The European Commission’s proposal for the EU Nature Restoration Law was presented on June 22, 2022, and sets a precedent as Europe’s first legally binding requirement to protect nature. The proposed draft law covers a range of terrestrial and maritime ecosystems, habitats and species, including rivers, forests, grasslands and peatlands, and sets specific targets for restoring these ecosystems.

If sufficiently ambitious, the proposal, due to be adopted as law by 2023, holds promise to protect habitats, reverse biodiversity loss, ensure a just transition, and enable climate mitigation and action in line with the stated objectives of the EU Green Deal, the Paris Agreement, and the UN Sustainable Development Goals.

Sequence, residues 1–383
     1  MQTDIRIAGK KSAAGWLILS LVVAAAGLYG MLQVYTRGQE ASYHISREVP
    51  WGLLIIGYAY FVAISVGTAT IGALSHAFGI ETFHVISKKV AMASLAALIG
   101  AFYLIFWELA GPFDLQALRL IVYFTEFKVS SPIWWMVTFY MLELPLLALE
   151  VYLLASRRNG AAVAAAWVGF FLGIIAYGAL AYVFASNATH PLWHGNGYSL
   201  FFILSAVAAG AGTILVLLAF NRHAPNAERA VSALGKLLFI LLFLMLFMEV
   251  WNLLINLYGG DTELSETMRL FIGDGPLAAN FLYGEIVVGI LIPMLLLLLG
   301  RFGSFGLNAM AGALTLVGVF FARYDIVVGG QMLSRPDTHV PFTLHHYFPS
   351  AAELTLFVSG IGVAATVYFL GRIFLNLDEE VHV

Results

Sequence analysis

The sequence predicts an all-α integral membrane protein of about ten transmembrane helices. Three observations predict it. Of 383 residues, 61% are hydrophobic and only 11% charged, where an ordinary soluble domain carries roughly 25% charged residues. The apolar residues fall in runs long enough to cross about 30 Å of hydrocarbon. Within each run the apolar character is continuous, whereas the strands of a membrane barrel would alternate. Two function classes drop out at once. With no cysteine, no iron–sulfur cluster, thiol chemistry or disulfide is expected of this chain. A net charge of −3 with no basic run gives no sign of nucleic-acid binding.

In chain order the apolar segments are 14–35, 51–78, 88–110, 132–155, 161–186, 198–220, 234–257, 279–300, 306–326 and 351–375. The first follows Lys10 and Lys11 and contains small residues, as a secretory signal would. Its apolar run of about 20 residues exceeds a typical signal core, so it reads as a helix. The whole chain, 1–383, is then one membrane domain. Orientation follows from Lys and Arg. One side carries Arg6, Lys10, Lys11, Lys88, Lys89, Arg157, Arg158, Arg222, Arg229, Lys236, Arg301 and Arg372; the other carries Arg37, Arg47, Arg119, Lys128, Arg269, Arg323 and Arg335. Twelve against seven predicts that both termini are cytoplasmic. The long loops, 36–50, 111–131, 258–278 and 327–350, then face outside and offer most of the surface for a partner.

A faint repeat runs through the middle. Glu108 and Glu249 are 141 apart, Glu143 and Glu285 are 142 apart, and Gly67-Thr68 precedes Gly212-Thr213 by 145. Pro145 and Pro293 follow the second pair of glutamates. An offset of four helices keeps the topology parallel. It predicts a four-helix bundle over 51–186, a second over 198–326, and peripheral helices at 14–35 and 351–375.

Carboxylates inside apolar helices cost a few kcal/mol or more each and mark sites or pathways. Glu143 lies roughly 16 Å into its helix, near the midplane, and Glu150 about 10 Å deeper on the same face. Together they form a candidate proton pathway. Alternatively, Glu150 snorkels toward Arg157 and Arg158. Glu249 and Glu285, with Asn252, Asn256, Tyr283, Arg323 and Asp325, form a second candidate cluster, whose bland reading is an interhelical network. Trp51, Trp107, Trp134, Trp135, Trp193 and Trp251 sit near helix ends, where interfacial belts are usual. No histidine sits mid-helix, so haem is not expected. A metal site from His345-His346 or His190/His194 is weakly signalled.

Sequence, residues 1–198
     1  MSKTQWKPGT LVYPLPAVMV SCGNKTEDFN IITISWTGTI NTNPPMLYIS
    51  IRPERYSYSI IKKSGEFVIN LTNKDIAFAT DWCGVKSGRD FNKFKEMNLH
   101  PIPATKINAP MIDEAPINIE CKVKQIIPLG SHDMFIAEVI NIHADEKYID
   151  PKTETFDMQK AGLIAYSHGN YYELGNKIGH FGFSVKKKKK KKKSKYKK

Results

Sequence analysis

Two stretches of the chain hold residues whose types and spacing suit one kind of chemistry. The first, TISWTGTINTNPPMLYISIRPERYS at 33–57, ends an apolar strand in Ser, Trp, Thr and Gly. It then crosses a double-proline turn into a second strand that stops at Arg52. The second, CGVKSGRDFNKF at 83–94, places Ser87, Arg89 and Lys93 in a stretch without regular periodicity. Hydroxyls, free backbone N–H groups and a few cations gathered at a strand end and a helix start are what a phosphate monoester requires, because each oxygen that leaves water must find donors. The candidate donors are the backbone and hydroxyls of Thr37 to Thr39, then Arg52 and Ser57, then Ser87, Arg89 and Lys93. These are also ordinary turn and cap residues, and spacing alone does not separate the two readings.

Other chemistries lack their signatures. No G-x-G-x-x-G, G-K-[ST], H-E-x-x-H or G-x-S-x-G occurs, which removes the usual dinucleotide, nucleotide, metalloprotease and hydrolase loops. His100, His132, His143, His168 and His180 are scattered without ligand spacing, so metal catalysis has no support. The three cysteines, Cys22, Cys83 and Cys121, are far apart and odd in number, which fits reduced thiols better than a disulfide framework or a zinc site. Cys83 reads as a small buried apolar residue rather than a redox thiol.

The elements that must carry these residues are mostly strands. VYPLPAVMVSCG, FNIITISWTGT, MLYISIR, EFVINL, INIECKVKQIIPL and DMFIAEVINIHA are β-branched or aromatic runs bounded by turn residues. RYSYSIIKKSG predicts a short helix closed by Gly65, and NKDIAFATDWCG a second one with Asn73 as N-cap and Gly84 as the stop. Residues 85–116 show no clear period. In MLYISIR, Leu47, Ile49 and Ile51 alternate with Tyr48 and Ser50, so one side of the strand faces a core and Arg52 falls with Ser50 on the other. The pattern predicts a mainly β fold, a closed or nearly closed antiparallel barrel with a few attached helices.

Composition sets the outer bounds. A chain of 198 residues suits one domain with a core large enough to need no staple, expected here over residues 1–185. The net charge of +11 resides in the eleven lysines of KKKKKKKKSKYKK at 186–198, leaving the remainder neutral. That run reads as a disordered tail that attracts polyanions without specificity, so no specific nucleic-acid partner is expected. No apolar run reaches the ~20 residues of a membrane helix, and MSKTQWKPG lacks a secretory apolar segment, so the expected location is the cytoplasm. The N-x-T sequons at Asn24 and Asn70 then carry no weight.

“For Peat’s Sake”, Strengthening Peatlands Targets in the EU Nature Restoration Law” included a technical peatland seminar followed by a high-level policy event hosted by MEP Jutta Paulus. It emphasised the crucial role of peatlands for biodiversity, carbon storage, water cycles and climate resilience throughout Europe under the Nature Restoration Law.

The event showcased how the WaterLANDS and Care-Peat projects will create a legacy for the upscaling of wetland restoration by contributing to European policy and the implementation of the Nature Restoration Law, while emphasising the necessity of improved targets for peatland restoration.

Peatlands are under threat, with over half of their total coverage in the EU now degraded due to human activity. The bulk of this degradation occurs from the draining of peatlands, which releases large quantities of carbon in the form of greenhouse gas, contributing to climate change. The EU is the second largest global emitter of greenhouse gases from drained peatlands.

Representatives of WaterLANDS and Care-Peat look forward to further work and discussions on the draft law, which will take place in the coming months.

Notes for editors

Contact details: Laoise Dillon, ERINN Innovation, [email protected]

Project information